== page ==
Men and Money: The City in the 1960s | A portrait of the bankers who ran London's 'Square Mile'
CHANNEL | BBC 2
FIRST BROADCAST | 26 May 1964
DURATION | 40 minutes 16 seconds
Brokers in the London sugar market bellow incomprehensibly at one another in a form of dealing known as 'open outcry', while the more exotic areas of the commodities market involve trades in any number of esoteric goods, from bleached Japanese seaweed to dried beaver testicles (an apparently indispensable ingredient of fine perfumes). The rigidly formal and exclusive world of the merchant banker is laid bare and the increasing popularity of London for foreign banks is also examined in this final part of the series.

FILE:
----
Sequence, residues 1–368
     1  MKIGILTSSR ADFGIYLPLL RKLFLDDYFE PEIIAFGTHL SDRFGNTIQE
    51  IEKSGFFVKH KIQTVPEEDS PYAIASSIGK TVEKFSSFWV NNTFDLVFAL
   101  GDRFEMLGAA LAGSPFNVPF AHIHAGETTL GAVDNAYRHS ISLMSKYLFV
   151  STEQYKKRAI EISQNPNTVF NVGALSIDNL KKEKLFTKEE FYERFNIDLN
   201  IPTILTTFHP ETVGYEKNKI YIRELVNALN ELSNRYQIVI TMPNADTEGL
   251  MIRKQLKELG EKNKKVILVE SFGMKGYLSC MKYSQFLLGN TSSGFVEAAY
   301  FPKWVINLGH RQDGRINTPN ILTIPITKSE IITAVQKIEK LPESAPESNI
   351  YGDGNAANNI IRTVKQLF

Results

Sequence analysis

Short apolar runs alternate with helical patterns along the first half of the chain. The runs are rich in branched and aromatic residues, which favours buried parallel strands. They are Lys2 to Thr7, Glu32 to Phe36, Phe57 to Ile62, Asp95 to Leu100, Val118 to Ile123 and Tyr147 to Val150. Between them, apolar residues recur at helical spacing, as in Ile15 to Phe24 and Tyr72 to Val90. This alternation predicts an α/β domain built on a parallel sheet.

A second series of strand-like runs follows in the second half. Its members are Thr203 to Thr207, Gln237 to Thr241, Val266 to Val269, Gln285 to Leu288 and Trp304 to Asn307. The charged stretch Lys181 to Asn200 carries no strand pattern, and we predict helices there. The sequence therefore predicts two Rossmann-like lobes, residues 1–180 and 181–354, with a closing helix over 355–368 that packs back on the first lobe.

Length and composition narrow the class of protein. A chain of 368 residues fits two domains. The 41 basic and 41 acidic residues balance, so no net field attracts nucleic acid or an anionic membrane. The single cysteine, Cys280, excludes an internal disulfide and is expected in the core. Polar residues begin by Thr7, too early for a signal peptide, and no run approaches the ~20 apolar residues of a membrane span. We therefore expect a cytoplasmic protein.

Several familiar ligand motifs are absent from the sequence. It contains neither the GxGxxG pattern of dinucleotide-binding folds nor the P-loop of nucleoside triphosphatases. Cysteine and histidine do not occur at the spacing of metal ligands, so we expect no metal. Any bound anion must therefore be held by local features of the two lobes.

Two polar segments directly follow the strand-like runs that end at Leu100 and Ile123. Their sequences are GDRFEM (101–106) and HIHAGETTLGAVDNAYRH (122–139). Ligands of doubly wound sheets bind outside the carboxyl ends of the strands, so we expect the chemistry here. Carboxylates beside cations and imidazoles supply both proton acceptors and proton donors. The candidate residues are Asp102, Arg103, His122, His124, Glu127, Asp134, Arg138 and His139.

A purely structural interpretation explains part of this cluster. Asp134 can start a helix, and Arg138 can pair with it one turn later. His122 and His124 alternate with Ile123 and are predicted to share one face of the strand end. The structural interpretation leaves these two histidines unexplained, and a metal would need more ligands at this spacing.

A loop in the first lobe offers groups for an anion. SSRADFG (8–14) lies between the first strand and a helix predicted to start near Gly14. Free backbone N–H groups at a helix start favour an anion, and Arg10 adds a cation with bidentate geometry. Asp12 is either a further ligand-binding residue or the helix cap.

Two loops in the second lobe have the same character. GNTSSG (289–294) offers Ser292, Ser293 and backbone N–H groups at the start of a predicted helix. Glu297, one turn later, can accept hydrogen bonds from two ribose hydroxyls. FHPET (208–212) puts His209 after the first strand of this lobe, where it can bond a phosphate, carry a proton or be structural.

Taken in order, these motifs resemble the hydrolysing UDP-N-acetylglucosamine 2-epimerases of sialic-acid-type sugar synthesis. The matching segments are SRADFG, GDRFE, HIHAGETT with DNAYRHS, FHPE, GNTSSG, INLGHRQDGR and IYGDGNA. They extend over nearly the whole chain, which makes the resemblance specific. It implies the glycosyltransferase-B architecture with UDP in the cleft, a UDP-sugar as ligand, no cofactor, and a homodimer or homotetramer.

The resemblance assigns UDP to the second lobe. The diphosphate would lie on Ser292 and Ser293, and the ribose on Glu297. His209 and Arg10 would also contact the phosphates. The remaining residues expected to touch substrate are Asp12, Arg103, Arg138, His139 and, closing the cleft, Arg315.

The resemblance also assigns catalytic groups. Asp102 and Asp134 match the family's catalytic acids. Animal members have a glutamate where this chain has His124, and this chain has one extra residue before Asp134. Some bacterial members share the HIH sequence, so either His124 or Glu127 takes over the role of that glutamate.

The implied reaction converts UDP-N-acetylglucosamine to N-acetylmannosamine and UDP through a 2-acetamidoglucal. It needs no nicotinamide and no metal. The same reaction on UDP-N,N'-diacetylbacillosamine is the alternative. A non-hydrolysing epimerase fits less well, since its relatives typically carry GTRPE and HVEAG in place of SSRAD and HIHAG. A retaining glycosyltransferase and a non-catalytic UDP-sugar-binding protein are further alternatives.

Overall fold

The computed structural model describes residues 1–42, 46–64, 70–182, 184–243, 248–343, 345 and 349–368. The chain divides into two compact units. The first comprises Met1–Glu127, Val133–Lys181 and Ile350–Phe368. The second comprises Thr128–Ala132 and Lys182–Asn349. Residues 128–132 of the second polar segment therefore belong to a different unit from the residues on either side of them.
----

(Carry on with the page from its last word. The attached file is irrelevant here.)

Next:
A forerunner of the London Stock Exchange was formed in 1761 by a group of 150 stockbrokers and jobbers based around Jonathan's Coffee House in Change Alley. In 1773 the brokers built premises in Sweeting's Alley called New Jonathan's, but the members soon changed its name to the Stock Exchange. They moved to another new building at Capel Court in 1802 and the first regional exchanges opened in Manchester and Liverpool in 1836.
What does the Bank of England do?
'People trust banks and the banks trust the government.'
A window into the world of the 'men in dark suits'.
A look at the analysts whose predictions help navigate the money maze.
Behind the scenes with the 'Man from the Pru' and the 'Names' at Lloyds.
What makes the Square Mile so attractive for foreign investment?
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